Justin Robbins, “breakdanced” around the dance floor to pop tunes and disco music.
The 3-year-old, dressed in a skeleton T-shirt and a red, white and blue USO bandana on his head, jumped, stomped and slid around the gymnasium floor Thursday during Baby Love Disco’s “We Are Family” Tour at the Comanche Youth Center.
“He’s normally very active,” said his mother, Toni Robbins, of Fort Hood. “He dances all the time at home.”
Robbins brought her two children to the dance party so they could run around, have fun and interact with other kids.
Baby Loves Disco, a Philidelphia-based company, reached out to Fort Hood to host one of their traveling dance parties for children 6 months to 7 years old. Normally, the company transforms the hippest nightclubs into chid-proof discos, but visited Fort Hood to provide a free event for military families.
“We try to play at as many military bases as we can,” said Andy Hurwitz, co-founder of Baby Loves Disco. “This is sort of our way to give back.”
His son and DJ of the party, Samson Hurwitz, 10, picked out the tunes, which mostly included “Top 40” hits and disco music.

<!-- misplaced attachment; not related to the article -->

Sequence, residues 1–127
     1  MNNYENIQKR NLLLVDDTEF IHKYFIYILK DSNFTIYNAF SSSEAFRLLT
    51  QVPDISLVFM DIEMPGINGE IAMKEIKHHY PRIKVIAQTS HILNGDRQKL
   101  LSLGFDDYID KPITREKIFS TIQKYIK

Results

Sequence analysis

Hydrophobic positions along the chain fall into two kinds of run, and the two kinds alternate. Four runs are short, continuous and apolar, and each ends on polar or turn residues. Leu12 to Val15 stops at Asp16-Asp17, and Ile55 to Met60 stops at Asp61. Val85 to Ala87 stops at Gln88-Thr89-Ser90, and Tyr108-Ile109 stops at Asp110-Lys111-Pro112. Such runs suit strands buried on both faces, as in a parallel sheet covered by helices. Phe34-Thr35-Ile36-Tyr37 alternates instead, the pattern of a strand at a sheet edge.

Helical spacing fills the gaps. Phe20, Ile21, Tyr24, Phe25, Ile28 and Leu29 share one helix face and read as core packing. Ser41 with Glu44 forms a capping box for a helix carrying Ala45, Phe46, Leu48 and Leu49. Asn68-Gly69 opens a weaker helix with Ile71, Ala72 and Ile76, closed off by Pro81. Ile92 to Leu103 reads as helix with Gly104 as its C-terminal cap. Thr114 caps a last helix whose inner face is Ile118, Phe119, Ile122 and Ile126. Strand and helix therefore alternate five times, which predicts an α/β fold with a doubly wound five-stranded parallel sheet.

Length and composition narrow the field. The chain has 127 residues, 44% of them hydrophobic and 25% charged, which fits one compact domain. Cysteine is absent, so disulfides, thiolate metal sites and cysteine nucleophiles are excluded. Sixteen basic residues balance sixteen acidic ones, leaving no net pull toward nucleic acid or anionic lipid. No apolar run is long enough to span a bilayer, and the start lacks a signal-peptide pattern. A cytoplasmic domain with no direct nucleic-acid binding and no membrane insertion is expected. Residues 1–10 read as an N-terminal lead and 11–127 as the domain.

The event is great because it gives the parents an opportunity to listen to current or old classic tunes while their kids have fun, said Andy Hurwitz.
“Kids can have fun doing anything, but parents never get to go out,” Hurwitz said. “They all have a good time.”
Monisha Patton, of Fort Hood, boogied with her 14-week old daughter, Maya, strapped to her chest.
“I love disco,” Patton said. “She’s a really happy baby. I might try to get her into disco.”
The event is a great way for parents and their children to mingle in a unique environment, said Rebekah Brittsan, assistant director for outreach services at Child, Youth and School Services.
“We thought it would be a lot of fun for the families and it’s a different activity than just going to the park or going shopping or out to dinner,” Brittsan said. “(It’s) something different, totally geared toward small children.”
Justin kept moving, grooving and running around long after the music died down.
“The whole family is very high energy and active. He never sits still,” Robbins said. “I hoped by the end of the day, he’d be exhausted and go to bed early or on time.”